Ford Land Rover UK has introduced a wide-ranging pilot CO2 offset program—the largest and most comprehensive programme of its kind ever undertaken by an automotive manufacturer in the UK.
Announced at the British International Motor Show in London, the program has two key components: offsetting emissions generated by Land Rover vehicle assembly at its two production facilities in Britain; and providing a mechanism for customers to offset emissions from the use of their vehicle.
The scheme is to be run independently by Climate Care, a CO2 offset provider, and will be overseen by a Governance Committee. The pilot will run to the end of 2008, and it is estimated that Land Rover’s CO2 Offset Program will offset more than two million tonnes of CO2 over the pilot period.
Previous Climate Care initiatives have included wind turbines in India, installing low energy lighting in South Africa and providing renewable energy cooking stoves to schools in India.
This industry leading initiative follows hard on the heels of our Land-e technological exhibit [earlier post] which showcases innovative hybrid electric powertrains and biofuel capability—real world technology which will be seen on Land Rover production vehicles of the future. The announcement made by Ford yesterday [£1 billion investment—earlier post] will have a considerable impact in enabling us to develop that technology. It also acknowledges the challenges of climate change and recognizes our responsibility to take action now.—Phil Popham, managing director of Land Rover
It will take time to incorporate the new technologies into the full model range so rather than wait, Land Rover have chosen to act immediately and, in addition, introduce a comprehensive CO2 offset programme. This will start to reduce the climate impact of Land Rovers immediately.—Mike Mason, director of Climate Care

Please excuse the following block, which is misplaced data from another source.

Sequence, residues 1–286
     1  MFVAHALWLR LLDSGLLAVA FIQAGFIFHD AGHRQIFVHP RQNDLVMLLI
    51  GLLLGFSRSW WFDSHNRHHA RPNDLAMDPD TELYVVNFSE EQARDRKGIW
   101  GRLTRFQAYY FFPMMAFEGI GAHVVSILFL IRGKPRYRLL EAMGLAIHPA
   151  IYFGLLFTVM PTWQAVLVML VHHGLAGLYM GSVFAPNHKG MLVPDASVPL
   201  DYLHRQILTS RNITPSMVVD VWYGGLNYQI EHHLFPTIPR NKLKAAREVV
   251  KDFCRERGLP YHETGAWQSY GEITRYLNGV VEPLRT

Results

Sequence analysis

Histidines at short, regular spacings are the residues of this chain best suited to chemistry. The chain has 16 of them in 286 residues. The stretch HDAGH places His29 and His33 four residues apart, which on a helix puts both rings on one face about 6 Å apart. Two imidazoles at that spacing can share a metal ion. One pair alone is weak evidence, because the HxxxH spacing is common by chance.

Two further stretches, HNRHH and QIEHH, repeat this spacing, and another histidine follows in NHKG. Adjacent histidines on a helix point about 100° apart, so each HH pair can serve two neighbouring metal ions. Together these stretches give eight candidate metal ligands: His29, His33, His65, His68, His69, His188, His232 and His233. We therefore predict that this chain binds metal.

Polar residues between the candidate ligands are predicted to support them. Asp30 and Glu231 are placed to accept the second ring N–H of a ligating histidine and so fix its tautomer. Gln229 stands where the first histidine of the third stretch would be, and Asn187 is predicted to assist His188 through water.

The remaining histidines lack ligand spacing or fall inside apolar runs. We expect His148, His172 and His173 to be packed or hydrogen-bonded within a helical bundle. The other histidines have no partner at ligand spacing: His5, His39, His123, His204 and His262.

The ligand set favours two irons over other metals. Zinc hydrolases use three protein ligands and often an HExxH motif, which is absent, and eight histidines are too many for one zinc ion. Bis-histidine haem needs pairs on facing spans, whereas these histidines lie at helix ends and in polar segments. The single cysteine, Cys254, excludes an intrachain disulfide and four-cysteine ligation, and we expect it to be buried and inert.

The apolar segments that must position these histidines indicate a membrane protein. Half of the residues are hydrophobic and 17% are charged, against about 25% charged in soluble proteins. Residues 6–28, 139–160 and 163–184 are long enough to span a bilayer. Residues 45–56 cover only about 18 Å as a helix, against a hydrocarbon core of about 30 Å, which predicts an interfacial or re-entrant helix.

Land Rover’s CO2 Offset Program is part of an integrated approach to reducing CO2 emissions. The ultimate goal, according to Ford, is CO2 neutrality and projects will include investment in renewable energy projects such as wind and solar, technology change and energy efficiency.
Features of the offset program include:
Land Rover will embark on a pilot program in the UK to offset CO2 emissions from its UK manufacturing operations, ensuring the amount saved balances the original emissions. Emissions from Solihull have already been cut by 30% since 1997.
From 2007 Model Year, customers of all new Land Rover vehicles sold in the UK will pay to offset the CO2 emissions produced by their vehicle, calculated on the certified CO2 emissions level for each Land Rover model and based on 45,000 miles (equivalent 15,000 miles of annual use). For the customer it represents an investment of between £85 (US$155) and £165 (US$301) depending on model.
The overall Land Rover UK fleet average fuel economy is 30 mpg Imperial (25 mpg US). In the UK, the diesel platforms are increasingly popular. Ninety-nine point six percent of Discovery 3 sales in the UK are diesels.
The diesel version of the all new Freelander 2 achieves 37.7 mpg Imperial (31 mpg US), with CO2 emissions of 194 g/km—5% lower than the previous model. The gasoline versions of the Freelander 2 offer 11% less CO2 emissions than the outgoing models.
The new diesel Range Rover TDV8, launched at the Madrid Motor Show, has performance figures to match the V8 gasoline model but has 32% better fuel economy.
Land Rover recognize that climate change is a serious threat to the planet. In response, Land Rover and their parent, Ford, have committed to an extensive programme of emissions reductions from their vehicles. However the threat is not only serious but also urgent. Climate Care is pleased that Land Rover has taken this initiative to deal with emissions in the short term whilst stepping up their efforts to tackle the longer term challenges. We believe this is the first time a programme of such scope and vision has been launched, and we hope it sets a benchmark for others.—Mike Mason